• It’s hard to put the genie back in the bottle. Social media was once an ascendant technology known for connecting and empowering. As mentioned above, the script has been flipped for some, who now consider social media a belittling, dividing and creepily data-hungry enterprise. But social media has wrought cultural changes in society that are very difficult to undo. People search is now quick and easy. Personal branding as well. New-world celebrities have emerged. And old-world celebrities have discovered a direct channel to their niche audiences.

Questions to ask about your brand on social media

It’s difficult to discuss social media these days without discussing the macro-situation. While it’s good to have an overall understanding of it, your biggest questions should really be about your brand. How heavily should you invest in social media? And how can your brand be successful in the storm? Ask yourself and your team:

What social media platforms is your ideal customer on (if any?)

The only people who should care if Facebook is rising or falling as a whole is its shareholders. Which (if any) social media platform is your unique audience on? Which platform(s) do they value? And do they want to interact with you there? “A survey by Sprout Social found that millennials and Gen Xers are twice as likely as baby boomers to follow a brand on social media,” Dr. Goel said.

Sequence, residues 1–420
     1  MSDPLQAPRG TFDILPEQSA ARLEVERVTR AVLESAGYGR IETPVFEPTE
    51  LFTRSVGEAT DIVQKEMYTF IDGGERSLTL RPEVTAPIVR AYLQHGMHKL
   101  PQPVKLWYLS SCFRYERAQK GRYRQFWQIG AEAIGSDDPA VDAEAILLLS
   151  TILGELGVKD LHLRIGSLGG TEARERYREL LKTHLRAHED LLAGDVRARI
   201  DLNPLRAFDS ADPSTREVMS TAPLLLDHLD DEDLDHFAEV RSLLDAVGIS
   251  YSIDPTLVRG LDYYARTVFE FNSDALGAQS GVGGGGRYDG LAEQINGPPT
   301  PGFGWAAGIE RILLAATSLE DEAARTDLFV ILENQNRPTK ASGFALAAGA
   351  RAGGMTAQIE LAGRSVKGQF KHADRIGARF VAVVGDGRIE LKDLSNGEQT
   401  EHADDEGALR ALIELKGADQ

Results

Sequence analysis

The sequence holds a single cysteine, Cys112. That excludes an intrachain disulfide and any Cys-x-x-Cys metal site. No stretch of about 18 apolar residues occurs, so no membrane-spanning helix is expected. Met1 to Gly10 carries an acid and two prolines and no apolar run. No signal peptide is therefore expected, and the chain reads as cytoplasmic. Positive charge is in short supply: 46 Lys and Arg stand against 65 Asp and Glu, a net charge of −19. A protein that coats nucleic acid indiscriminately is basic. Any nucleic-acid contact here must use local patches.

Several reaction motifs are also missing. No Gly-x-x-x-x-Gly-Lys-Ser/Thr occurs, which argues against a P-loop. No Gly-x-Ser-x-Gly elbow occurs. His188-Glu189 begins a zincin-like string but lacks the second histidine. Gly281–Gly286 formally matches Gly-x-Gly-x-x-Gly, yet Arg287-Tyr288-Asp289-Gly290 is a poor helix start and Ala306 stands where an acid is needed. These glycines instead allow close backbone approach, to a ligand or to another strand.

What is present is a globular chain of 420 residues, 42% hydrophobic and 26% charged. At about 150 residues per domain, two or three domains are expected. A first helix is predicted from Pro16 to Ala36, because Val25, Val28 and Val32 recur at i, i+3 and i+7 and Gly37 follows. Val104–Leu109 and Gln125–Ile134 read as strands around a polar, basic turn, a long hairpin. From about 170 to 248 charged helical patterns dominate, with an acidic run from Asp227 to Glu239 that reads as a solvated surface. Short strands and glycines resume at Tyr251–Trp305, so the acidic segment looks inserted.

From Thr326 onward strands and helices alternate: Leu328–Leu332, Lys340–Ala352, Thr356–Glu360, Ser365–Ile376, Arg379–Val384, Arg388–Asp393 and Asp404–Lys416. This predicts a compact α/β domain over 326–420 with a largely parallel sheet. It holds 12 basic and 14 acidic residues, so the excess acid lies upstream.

What kind of response are you getting on different platforms when trying to reach your ideal customer? “We foresee LinkedIn to become a front-runner in 2019 as one of the most engaging platforms for B2B and influencers. LinkedIn is allowing reach that no other platform is allowing organically. My posts are reaching thousands versus hundreds on Facebook, Instagram or Twitter,” Gordon advised.

Also understand how platforms work together. “If I want to sell something, Instagram Stories is so important. If I get 50,000 views on a story, that’s way higher than someone who has a similar-size following on Instagram because I have a YouTube. YouTube is king,” said Dr. Stephanie Buttermore, a science/fitness/lifestyle influencer on YouTube and Instagram.

What do they want from you on that social media platform?

Why does your ideal customer follow or unfollow you on a specific social media platform? I was surprised when I came across research from Kansas State University that discovered followers of garden centers on Facebook wanted to receive coupons.

Citing the Sprout Social research, Dr. Goel said, “The numbers fluctuate as people unfollow brands on a regular basis too. Reasons vary — Millennials unfollow due to bad experiences or ‘annoying’ marketing; Gen Xers if the brand opposes their personal beliefs or offends them; and baby boomers choose to opt-out if they receive too much spam. Given these trends, it would help brands to take a closer look at the nature of their content and followers, rather than a generic metric of follower counts.”

Who on social media has been successful with your ideal customer type? And what can you learn from them? If you don’t want to alienate millennials, for example, learn from those on social media who are successful with that specific audience. “As Carlos Gil says, ‘Every brand needs to be more like the Kardashians. It's the story they post that people are engaged with. Followers hardly even notice they are being sold to. Every brand can do that!’” Gordon said.

Frequency matters as well. “For HiSmile this means being consistent with our posts on a daily basis. We put out a minimum of three posts per day on our Instagram account. All of our content is created in-house and inspired by our millions of customers around the world,” Gaggino said.